August 1, 2023

When I first joined IEEE in 1974 as a graduate student member, I had the opportunity to meet a number of senior engineers in industry and government. They shared their own experiences about how things were done, and why. Their mentorship benefited me through my entire career, helping me to place my own research in the proper context and to avoid false starts. 

I have seen this lesson repeated numerous times throughout my career. Building bridges between people yields tremendous benefits. And I have seen over and over again how collaboration between people of different backgrounds helps push our industry to new frontiers. 

When we build connections between people, we ultimately accelerate the transfer of knowledge. Unfortunately, there are those that continue to be disconnected from the larger technology community – by virtue of where they were born or because of their identity.  

In cutting-edge fields such as AI for example, women make up only about one in five professionals, according to the UN. Women make up about 28% of engineering graduates, and 40% of those in computer science and informatics.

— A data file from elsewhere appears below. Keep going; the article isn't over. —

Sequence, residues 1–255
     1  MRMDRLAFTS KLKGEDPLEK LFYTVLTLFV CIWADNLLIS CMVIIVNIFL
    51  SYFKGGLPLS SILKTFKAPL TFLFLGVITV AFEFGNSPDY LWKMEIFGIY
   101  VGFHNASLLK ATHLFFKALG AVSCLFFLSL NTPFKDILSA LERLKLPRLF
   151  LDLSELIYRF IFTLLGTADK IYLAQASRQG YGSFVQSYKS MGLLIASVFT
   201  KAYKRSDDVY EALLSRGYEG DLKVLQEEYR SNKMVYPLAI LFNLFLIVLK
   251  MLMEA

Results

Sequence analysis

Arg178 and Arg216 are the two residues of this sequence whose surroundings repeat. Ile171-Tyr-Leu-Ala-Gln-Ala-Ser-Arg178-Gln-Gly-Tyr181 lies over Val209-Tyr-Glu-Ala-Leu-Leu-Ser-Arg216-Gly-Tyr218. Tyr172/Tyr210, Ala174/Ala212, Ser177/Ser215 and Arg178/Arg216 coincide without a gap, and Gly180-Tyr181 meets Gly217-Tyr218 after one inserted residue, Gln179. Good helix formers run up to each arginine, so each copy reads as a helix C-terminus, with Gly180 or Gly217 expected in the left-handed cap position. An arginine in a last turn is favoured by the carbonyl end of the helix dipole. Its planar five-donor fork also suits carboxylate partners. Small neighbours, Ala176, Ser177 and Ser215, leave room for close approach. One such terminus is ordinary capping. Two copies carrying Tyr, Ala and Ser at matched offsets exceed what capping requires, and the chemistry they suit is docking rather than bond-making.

There are similar boundaries across geographies as well. All across the world, there are brilliant technologists denied the opportunity to work at their full potential because the country they live in is not fully integrated into the global knowledge economy. 

That’s why I believe that as a global organization, IEEE must remain committed to breaking down boundaries, and building connections wherever they may be. 

The scientific and technical communities have made remarkable strides in encouraging diversity and inclusion across the globe. But we still have a long way to go. As such, I encourage you to explore some of the efforts we have made in recent years on diversity, equity and inclusion

But there continues to be a gap in our ability to integrate all of the engineering and leadership talent in our midst to address challenging problems, and to drive our industry forward.

As we continue to strive towards greater diversity and inclusion, the message is clear: everyone is invited. 

As a global organization, IEEE remains committed to embracing all voices. We believe that every individual’s unique perspective can help us solve challenging problems and drive our industry forward. Together, we can create a global knowledge economy where everyone can contribute, thrive, and succeed.

Saifur Rahman is the 2023 IEEE President and CEO, an IEEE Life Fellow, and the founding director of the Advanced Research Institute at Virginia Tech, where he is a professor of electrical engineering. Over the years, he has served IEEE in a number of capacities, including as president of the IEEE Power and Energy Society, and as the founding editor of IEEE Electrification Magazine and IEEE Transactions on Sustainable Energy.


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